Peter Heylin (1599-1662) was in his time a well-known scholar with close connections to the court, the center of power. He was chaplain to King Charles I and Archbishop Laud, for whom he wrote an apology after his execution. It is not likely he would not have known Shakespeare. Yet in 1621, two years before the printing of the First Folio, he published his Microcosmos: A little Description of the Great World which was acclaimed over two centuries later by Charles Dickens:

      “Here we have lying before us an old geography book, printed early in the reign of Charles the First. It is what Mr. Carlyle happily designates "a dumpy quarto"... presenting somewhat the appearance of a modern school-book; and is entitled Mikrokosmos: A Little Description of the Great World. The Fourth Edition. Revised. By Peter Heylyn. Oxford, Printed by W. T. for William Turner and Thomas Huggins. 1629." The first edition appeared in sixteen hundred and twenty-one; so that we see the work was held in no inconsiderable estimation at the time. Indeed, Peter, though now known only to a few inquirers, was a man of some importance during his life; and, for several years after his death, was quoted as an authority. The substance of the quarto now before us was originally delivered in the form of lectures at Magdalen College, Oxford, when the writer was only seventeen years of age; and, being afterwards enlarged, was published as a book. Subsequently, Heylyn entered the Church; became one of the chaplains of Charles I., a great favourite of Laud, and a doughty champion of kingly and priestly domination; suffered for his opinions under the Commonwealth; and finally died in prosperity after the restoration of the Stuarts. He was a ready and voluminous author; and will be regarded with interest as one of our earliest newspaper-press men, having published at Oxford a weekly paper called the Mercurius Aulicus. ( Charles Dickens. "An Old Book of Geography" Household Words: A Weekly Journal (1854) Vol.9, p.75.

            In the first edition of Microcosmos (1621) he mentions Spenser, Drayton, and Daniel as the chiefest poets, but, like Thomas Lodge, omits Shakespeare, making a trio of the Barnfield-Meres quartet. That is: Peter Heylin eliminated Shakespeare from the Meres-Barnfield quote.

Vicar John Ward of Stratford notes in his diary:
https://archive.org/details/diaryrevjohnwar00sevegoog on page 184:

"Shakespear, Drayton, and Ben Jhonson, had merry meeting, and itt seems drank too hard, for Shakespear died of feavour there contracted.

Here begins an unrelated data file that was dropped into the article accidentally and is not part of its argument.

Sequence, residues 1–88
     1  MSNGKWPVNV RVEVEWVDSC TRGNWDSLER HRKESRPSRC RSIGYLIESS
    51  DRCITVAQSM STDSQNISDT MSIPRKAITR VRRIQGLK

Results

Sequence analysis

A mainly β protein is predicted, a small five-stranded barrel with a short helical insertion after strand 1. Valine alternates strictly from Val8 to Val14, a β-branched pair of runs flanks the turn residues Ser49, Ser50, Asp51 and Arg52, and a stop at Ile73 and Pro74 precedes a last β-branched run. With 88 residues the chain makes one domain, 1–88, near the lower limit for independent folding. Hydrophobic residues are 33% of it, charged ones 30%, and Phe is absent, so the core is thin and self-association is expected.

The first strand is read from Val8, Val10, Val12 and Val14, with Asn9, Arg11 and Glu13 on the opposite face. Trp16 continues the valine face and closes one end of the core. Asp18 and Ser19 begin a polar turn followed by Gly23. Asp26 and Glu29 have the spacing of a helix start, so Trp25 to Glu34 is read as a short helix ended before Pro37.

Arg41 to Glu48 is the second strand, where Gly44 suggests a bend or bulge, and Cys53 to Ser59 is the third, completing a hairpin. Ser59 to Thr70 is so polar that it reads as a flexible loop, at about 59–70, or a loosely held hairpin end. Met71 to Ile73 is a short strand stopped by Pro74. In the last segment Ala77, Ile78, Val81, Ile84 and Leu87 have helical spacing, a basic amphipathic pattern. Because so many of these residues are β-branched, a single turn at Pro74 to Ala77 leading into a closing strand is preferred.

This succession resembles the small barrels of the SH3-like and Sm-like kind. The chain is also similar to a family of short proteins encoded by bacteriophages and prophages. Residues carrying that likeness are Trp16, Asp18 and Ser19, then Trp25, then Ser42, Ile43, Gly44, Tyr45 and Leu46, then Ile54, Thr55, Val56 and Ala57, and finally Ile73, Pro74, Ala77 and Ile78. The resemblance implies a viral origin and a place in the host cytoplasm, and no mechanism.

Remember to peruse Shakespears plays, and bee versd in them, yt I may not bee ignorantin yt matter.

Whether Dr. Heylin does well, in reckoning up the dramatick poets which have been famous in England, to omit Shakespear.

A letter to my brother, to see Mrs. Queeny, to send for Tom Smith for the acknowledgment."

The otherwise meticulous EK Chambers changes the order in Ward’s diary and puts the remark on the “merry meeting of Shakespear, Drayton and Ben Jonson” in the middle between the “remember” line and the “A letter to my brother” – at the expense of Peter Heylin’s omission, which disappears. Hard to believe it is only due to a fortuitous slip of the great scholar’s attention.

 Fletcher and Ben Jonson’s Epigrams

(Ben Jonson’s Epigrams were published in 1616 8in the folio edition).
Epigram 55 is dedicated to Francis Beaumont, whom Jonson greatly appreciated:

L V.

To Francis Beaumont.

 How I do love thee Beaumont, and thy Muse,
 That unto me dost such Religion use!
How I do fear my self, that am not worth
 The least indulgent thought thy Pen drops forth!
At once thou mak'st me happy, and unmak'st;
 And giving largly to me, more thou tak'st.
What Fate is mine, that so it self bereaves?
 What Art is thine, that so thy Friend deceives?
When even there, where most thou praisest me,
 For Writing better, I must envy thee.

Beaumont dies in March 1616. One would expect that epigram 56 would have been dedicated to Beaumont’s “alter ego”, to wit John Fletcher (died in 1625). But epigram 56 is a sneer at a poet ape.

L V I.

On Poet-Ape.

 Poor Poet-Ape, that would be thought our Chief,
 Whose Works are e'en the frippery of Wit,
From brocage is become so bold a Thief,
 As we, the rob'd, leave rage, and pitty it.
At first he made low shifts, would Pick and Glean,
 By the Reversion of Old Plays; now grown
To'a little Wealth, and Credit in the Scene,
 He takes up all, makes each Mans wit his own.
And, told of this, he slights it. Tut, such Crimes
 The sluggish gaping Auditour devours;
He marks not whose 'twas first: and After-times
 May judg it to be his, as well as ours.
Fool, as if half Eyes will not know a Fleece
 From Locks of Wooll, or Shreds from the whole Piece?


Can it be inferred from thence that Jonson meant not Shakespeare but John Fletcher? This is what Richard Malim concluded with reference to Claire Asquith (Richard Malim, The Earl of Oxford and the Making of “Shakespeare”, Jefferson, NC, and London 2012, p.203) .